#### Risk Management

Suppose an objective function Cðw; ZÞ, in which, W is the decision variable vector and Z are the input uncertain parameters. If the probability density functions of the uncertain parameters are known then these parameters can be described using scenario-based approach and treated with two-stage optimization techniques. The scenario-based approach divides the uncertain continuous universe of discourse for parameter Z into jXsj scenarios with specific probabilityps. The next step is the proper treatment of optimization procedure. The two-stage optimization technique states that the decision variable vector W consists of two types of variables. the first type are called ‘‘here and now’’ or ‘‘first stage’’ variables and are denoted by X. These variables remain the same for all possible scenarios. The second type of the variables are called ‘‘wait and see’’ or ‘‘second stage’’ variables and are denoted by Ys. These variables are determined specifically for each scenario s.

where Nð:Þ is expected value operator. ps is the probability of scenario s. The main problem with this approach is ignorance of the risk. The term ‘‘risk’’ can be interpreted in many ways depending on the context it is being used. Formally, it is defined as a situation involving exposure to an undesired event which is mainly due to the existence of uncertainties involved in decision-making procedure. This event may be an unpleasant technical, economical, or environmental situation. Each risk management strategy involves answering the following questions [16]:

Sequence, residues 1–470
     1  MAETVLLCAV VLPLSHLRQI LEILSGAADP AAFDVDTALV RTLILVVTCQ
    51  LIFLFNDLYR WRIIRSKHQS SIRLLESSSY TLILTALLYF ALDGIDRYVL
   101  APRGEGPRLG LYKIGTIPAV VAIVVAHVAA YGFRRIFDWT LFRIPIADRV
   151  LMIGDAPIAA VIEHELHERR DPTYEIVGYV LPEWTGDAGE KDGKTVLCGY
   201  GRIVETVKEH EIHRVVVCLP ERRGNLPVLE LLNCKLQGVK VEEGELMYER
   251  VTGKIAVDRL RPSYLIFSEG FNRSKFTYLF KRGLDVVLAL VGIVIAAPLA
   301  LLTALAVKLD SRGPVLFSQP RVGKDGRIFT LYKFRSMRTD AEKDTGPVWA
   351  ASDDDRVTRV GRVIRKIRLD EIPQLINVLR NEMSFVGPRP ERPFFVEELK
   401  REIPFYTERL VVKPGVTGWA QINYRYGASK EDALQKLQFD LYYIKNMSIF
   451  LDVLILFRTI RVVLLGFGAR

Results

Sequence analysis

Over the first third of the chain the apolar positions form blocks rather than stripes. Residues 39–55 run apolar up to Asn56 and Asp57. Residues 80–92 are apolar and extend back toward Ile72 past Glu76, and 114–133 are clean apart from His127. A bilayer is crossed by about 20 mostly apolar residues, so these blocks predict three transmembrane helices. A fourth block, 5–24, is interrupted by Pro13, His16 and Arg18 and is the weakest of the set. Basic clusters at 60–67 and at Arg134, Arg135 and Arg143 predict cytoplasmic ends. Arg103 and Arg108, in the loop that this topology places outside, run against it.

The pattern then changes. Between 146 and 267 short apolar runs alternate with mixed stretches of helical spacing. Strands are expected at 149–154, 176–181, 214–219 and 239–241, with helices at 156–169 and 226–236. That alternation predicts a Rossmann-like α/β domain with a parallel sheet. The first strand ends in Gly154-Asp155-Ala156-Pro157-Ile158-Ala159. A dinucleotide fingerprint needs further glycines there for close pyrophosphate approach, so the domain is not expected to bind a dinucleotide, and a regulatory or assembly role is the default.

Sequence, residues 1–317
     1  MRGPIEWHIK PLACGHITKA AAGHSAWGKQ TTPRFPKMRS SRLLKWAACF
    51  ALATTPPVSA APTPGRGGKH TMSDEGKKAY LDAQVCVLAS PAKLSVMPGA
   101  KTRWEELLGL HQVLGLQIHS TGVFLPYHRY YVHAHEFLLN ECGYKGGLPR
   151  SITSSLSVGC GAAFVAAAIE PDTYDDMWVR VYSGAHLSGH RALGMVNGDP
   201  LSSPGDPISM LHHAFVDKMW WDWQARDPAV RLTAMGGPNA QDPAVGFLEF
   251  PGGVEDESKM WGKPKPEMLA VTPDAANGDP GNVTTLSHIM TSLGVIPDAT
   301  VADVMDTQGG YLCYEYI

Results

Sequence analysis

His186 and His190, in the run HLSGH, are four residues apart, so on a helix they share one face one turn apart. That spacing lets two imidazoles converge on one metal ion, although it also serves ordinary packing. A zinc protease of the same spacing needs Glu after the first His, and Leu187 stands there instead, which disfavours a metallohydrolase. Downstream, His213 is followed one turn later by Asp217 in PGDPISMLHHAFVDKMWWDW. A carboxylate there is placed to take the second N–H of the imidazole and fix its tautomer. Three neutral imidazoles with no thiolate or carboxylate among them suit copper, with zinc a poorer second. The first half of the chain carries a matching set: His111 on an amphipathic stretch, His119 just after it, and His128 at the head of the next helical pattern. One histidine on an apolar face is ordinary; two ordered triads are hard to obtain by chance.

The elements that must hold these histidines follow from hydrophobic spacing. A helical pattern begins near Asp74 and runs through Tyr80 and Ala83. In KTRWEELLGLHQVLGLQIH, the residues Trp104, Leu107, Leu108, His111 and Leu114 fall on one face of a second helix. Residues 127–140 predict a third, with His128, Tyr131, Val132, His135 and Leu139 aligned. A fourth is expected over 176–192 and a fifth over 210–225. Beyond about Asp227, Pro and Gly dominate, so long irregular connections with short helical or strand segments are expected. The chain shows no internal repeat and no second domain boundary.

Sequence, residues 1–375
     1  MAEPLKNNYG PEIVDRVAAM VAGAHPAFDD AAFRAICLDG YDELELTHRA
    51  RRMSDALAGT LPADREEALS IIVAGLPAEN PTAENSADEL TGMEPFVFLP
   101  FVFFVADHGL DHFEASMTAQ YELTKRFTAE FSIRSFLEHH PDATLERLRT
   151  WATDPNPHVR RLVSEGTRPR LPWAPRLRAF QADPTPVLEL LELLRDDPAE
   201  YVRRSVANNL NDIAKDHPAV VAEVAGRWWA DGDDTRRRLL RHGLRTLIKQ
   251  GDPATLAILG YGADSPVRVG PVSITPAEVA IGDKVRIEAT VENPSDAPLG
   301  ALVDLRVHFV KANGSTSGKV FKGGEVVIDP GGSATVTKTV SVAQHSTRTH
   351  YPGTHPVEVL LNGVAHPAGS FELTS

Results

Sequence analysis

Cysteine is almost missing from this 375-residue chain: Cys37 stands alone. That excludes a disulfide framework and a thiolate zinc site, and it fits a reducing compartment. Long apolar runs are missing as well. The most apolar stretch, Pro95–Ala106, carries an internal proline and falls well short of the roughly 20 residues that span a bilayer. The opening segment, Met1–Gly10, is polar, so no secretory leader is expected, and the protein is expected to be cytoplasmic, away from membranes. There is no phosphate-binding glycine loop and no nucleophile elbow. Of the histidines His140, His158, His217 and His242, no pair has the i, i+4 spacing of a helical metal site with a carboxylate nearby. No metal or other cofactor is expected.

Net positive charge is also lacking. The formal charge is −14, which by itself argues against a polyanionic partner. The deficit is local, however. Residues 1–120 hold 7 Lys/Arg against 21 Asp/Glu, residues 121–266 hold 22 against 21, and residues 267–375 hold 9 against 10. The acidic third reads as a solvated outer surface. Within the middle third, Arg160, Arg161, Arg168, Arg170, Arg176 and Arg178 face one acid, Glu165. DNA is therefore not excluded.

• What can happen?

• How to quantify the impacts/risk measures?

• What are the consequences?

• What are the preventive/remedial actions?

The methods of risk modeling can be divided into different categories [17], namely; fuzzy methods [18], scenario-based methods [19–21], information gap decision theory (IGDT)-based methods [22, 23], and robust optimization [24]. In context of the scenario-based models, there are various methods for quantifying the risk impacts such as variance [25], shortfall probability [26], stochastic dominance [27], value at risk VaR [28], and CVaR [29]. In this chapter, the CVaR method is used as a risk measure. The CVaR is defined as the expected value of losses exceeding the VaR. While the VaR gives the frequency of extreme events, CVaR considers not only the frequency but also the severity of losses in case of undesired events [30]. For example, although the expected value of cost function Cðw; ZsÞ is minimized but the decision-maker may still face with severe outcomes in some scenarios with low probability. Comparing with VaR, CVaR is a more conservative index, because it measures the average loss exceeding the VaR value for a given confidence level [31]. CVaR is defined as follows:

where b is weighting factor for risk averse decision making and specifies the attitude of decision-maker toward the risk.